- AtMega 16 IC/development board
- 3-Axis accelerometer
- LCD screen 16X2 (for displaying X, Y and Z data)
This project makes use of three out of the eight ADCs present in AtMega16 IC to display the corresponding digital data of X, Y and Z outputs of an accelerometer on 16X2 LCD.
First let’s talk about the Accelerometer IC; here I have used ADXL-335 which is a 3-axis accelerometer module. This module provides X, Y and Z axis data.
It’s very easy to deal with such kind of modules as they just need the VCC and GND supply to get started, rest it is its job to provide us the analog data.These modules work on simple concept like that of force acting on an object at inclined plane. It deals with the Mg(sin ?) and Mg(cos ?) part of the force and calculate the angle ? for further calculations. Now it also notices the change in force from which acceleration will be calculated.
These accelerometers do not respond to linear movements they respond to accelerated motions at very small scale.
Looking at the above picture you’ll notice that there is a ST pin. This pin deals with the value of ‘g’ (accelerations due to gravity) to be taken while calculating the result. Checkout its data sheet for more information. It will also work on a default value if you do not connect this pin anywhere.
Now talking about the ADCs present in AtMega 16; there are 8 independent ADCs which share their pins with that of PORTA. These ADCs are 10 bit which simply means that they can convert a given analog value into its corresponding 10 bit digital data.
Now before moving ahead we should first discuss what ADCs are. ADC stands for Analog to Digital Converter. We all know that microcontrollers work only on digital values, but what if we need to interact it with analog devices or values. In such situations we need a device which can work as communicator between the analog part and digital part. ADCs (analog to digital converter) play the same game; they convert the analog values to digital one by some means of reference (Vref).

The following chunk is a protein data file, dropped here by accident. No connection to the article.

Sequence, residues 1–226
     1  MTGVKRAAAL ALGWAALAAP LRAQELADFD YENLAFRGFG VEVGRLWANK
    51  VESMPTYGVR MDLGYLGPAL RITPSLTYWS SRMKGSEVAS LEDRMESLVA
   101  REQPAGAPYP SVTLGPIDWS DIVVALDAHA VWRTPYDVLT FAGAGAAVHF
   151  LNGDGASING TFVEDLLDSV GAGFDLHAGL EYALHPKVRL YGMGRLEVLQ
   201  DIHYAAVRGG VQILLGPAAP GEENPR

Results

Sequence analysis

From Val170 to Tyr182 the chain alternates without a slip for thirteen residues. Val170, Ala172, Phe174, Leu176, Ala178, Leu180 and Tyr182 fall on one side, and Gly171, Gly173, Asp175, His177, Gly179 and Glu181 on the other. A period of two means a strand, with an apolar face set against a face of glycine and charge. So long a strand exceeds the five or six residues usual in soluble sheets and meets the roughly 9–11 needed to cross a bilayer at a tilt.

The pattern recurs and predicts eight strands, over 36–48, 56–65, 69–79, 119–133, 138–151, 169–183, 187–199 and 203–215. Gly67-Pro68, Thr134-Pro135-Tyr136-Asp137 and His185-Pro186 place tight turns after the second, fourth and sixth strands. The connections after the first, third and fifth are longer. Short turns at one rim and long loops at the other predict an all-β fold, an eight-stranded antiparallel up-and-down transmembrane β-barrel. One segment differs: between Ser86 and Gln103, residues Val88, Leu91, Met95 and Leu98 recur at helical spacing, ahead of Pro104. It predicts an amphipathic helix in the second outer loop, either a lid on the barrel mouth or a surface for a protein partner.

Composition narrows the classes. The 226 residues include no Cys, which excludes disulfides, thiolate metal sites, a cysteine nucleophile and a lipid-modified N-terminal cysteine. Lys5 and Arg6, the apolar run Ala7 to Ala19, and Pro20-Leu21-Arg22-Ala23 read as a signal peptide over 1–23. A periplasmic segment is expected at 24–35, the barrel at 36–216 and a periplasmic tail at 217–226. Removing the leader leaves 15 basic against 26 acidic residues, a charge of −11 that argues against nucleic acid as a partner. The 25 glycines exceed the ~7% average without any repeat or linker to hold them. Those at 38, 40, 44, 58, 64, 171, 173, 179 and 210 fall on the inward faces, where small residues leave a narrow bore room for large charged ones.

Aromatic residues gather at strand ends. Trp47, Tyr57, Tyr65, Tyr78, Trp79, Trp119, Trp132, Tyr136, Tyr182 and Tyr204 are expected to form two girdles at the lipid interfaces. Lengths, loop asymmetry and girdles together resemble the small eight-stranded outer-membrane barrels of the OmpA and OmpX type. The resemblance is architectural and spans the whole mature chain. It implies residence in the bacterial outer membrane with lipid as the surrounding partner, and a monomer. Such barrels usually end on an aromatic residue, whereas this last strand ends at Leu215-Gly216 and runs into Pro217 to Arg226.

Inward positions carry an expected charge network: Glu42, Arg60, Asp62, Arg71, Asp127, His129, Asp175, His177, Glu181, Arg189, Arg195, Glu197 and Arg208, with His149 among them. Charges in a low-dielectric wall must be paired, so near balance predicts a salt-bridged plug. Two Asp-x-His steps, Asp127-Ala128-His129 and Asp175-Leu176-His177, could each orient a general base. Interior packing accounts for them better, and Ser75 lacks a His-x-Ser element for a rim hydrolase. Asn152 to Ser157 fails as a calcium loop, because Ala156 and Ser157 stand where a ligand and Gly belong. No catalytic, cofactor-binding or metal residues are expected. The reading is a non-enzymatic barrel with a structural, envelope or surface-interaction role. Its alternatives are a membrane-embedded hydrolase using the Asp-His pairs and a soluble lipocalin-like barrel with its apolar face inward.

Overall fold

In AtMega16, pin 32 requires a reference voltage (normally given +5V) when working with ADCs. Also there’s one more term that’s needed to be introduced: Resolution. In simple terms we can say it’s the precision or accuracy with which an ADC works. For a 10 bit ADC working with 5V Vref. its resolution comes out to be 4.88mV. This further means for every rise or fall of 4.88mV in the analog input the digital output will increase or decrease by one unit, respectively. Since it’s a 10 bit ADC the output data will vary from 0- 1023(2^10=1024) having 1024 different values.
Now coming back to this project, I have connected the X, Y and Z pins to ADC0-ADC2. These provide individual and independent analog values. I have also displayed their corresponding digital outcome on the LCD.
The LCD connections are as follows:
· DATA pins are connected to PB4-PB7, since its working in 4-bit mode
· RS, RW and ES pins are connected to PB0, 1, 2 respectively.
For more detail: Interfacing Triple-Axis Accelerometer with AtMega16